This possibility is reinforced by the fact that in the biblical accounts of later periods, use of the term “tent” was significantly reduced and its contexts were made more specific. However, the most meaningful support for the reconstruction of a central nomadic element in the Hill Country during the period of David and Solomon actually comes from archaeology.
A few years ago, Joseph Livni, an independent researcher specializing in the demography of early societies, noted the existence of a substantive problem in the archaeological reconstruction of the size of the Hill Country’s population from the 10th century B.C.E., the period of David and Solomon, to the 8th century B.C.E. On the basis of a comparison to what is known about pre-industrial societies, Livni showed that the population growth between the start and end of the period could not be explained by natural increase alone. In the Judean Hills, for example, the population increased from about 5,000 to almost 40,000.
One possible solution was to attribute this improbable rate of population increase to an error in the observations and calculations regarding the first part of the period (this was also proposed as a response to the claim that “5,000 people cannot constitute a basis for any sort of kingdom”). Another solution attributed the phenomenon to new migration into the region throughout the period.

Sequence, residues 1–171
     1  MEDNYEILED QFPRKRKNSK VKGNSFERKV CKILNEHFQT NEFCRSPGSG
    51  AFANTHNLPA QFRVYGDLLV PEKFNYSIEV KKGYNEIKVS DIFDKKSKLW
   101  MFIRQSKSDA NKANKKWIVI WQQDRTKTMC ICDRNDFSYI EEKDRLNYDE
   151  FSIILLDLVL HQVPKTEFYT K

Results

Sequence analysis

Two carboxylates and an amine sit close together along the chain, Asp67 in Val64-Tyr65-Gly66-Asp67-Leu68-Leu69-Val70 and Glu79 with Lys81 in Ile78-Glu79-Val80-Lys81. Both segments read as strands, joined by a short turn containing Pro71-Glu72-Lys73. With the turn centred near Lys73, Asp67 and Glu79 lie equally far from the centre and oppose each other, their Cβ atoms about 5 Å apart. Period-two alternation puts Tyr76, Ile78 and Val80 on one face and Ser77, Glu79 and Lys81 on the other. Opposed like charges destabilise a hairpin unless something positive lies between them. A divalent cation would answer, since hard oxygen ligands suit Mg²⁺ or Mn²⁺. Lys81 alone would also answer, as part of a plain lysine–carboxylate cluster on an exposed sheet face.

However, the simplest and most persuasive explanation is the reconstruction of a large but archaeologically invisible population that lived alongside the residents of the permanent settlements. Most of this population also shifted to a sedentary way of life, but did so gradually, in a process lasting many years.
Walls and invisibility
It’s easy to understand how conceptions that see the transition to permanent settlement as a rapid process, and the nomads of the period as a historically negligible population, took hold in biblical archaeology. After all, because nomads are archaeologically invisible, any other point of departure would have diminished archaeology’s very ability to contribute to the period’s historical reconstructions. Today, archaeology’s status as a “supreme judge” concerning the historicity of various events in the Bible's stories is almost unchallenged. One reason for this is the advancement of simplistic approaches in regard to nomads. Of course, this state of affairs is not the product of a deliberate “strategy,” but of a natural process that occurs in every institutionalized sphere of research.
In 1996, Prof. Israel Finkelstein, of Tel Aviv University, published a new observation about the dating of the archaeological layers at Tel Megiddo, and in so doing, touched off one of the fiercest controversies in the history of biblical archaeology (“the debate between high and low chronology”). The reason for this intensity of discussion comes from the ostensible implications of the new observations: if correct, instead of monumental stone structures, the period of David and Solomon turns out to be represented by quite meager remains, which in turn casts doubt on the historicity of the relevant biblical accounts.